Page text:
Presenter: Okay. And could you just give us an sentence. Just -- so just think about anything you like, and just say it to us.

Pawl: Oh, let's see. Um... kxetse sì mikyun kop plltxe. Which means, the tail and the ears also speak. If you want to really understand what someone is saying, you can't just listen to the words, but you have to look at the body language as well.

Presenter: Along with other constructed languages from fiction, like Klingon from Star Trek, or Dothraki from Game of Thrones, Na'vi is a fully-working language you can learn to speak for yourself. Which, it turns out, plenty of people have. Because after all, even though there are thousands and thousands of languages on Earth, what connects them all, is that they connect us to each other.

Pawl: Uhm, we have a community of fans of the movie and of the language, who have embraced Na'vi to the point where the actually use it for real communication. There are people who are speaking it among themselves, and really having --

Presenter: No way.

Pawl: -- having quite a lot of fun with it. At this point perhaps we have a core group of perhaps 50 people who use the language on a pretty regular basis. And many of them actually speak it more fluently and write it more gracefully than I do.

Presenter: Wow, I was gonna ask you actually, if you have been surpassed by some of these people.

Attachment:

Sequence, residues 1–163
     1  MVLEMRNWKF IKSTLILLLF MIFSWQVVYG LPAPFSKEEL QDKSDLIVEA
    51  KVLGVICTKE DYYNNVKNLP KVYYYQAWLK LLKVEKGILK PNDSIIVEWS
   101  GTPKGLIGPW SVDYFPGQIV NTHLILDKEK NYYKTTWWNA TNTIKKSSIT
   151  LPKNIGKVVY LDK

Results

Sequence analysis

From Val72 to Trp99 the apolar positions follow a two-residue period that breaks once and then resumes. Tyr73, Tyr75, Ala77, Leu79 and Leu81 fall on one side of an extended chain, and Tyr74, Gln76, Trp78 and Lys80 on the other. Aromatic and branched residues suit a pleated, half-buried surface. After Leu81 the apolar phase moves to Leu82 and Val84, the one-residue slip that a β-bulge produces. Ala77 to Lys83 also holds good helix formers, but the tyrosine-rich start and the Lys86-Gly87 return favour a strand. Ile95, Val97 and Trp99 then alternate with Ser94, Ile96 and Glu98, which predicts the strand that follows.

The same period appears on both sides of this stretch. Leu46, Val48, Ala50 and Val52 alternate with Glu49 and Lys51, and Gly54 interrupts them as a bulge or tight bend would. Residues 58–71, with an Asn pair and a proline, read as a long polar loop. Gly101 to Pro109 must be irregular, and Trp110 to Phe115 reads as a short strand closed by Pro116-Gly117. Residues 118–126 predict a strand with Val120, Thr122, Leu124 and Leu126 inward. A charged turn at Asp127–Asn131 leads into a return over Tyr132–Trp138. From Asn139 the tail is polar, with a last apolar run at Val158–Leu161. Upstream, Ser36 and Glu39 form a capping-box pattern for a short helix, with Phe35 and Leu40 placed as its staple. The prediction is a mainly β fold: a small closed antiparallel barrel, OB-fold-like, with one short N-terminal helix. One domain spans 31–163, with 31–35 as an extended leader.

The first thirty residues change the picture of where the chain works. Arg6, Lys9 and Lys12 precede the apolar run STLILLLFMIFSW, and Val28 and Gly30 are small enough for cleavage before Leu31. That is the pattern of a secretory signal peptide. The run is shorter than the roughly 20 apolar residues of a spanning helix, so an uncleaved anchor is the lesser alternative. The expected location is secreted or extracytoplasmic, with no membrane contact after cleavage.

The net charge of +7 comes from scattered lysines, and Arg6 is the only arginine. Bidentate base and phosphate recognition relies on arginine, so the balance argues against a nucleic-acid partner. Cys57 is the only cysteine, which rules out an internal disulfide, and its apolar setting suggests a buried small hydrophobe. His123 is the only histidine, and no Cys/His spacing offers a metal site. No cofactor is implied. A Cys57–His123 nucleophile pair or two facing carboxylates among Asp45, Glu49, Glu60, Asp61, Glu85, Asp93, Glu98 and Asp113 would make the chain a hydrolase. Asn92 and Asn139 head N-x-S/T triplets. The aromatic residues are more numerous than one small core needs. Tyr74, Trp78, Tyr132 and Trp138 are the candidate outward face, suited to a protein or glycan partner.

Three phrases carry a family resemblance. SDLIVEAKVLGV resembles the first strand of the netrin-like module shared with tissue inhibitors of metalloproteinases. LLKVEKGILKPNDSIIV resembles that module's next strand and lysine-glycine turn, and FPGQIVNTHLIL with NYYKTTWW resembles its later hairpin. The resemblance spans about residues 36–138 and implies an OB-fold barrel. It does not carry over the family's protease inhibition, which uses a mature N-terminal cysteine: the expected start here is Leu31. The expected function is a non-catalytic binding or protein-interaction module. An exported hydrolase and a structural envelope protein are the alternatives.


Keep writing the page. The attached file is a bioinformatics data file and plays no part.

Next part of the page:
Pawl: Absolutely, absolutely! It's not -- not an inappropriate question for someone to ask, why would anyone want to devote so much energy and effort and time to learn, essentially, a created language, rather than learning a language like, I don't know, Spanish or Persian or Japanese or whatever. And a number of answers to that: one is, community that people have come together online with this one interest, and have found friends. We've actually had two people come together online, because of their shared interest in Na'vi, and um... they have actually gotten married. I have made lifelong friends through the people that have embraced the language. And it's been really a wonderful experience.

Presenter: All that's left now is the credits, please, which would only be proper for us to hear in Na'vi.

Pawl: Furia yune fìtìpängkxoti a yaìlä, irayo. Txo livu ayngaru tìpawm [...]
« Last Edit: May 22, 2020, 04:34:49 pm by Wllìm »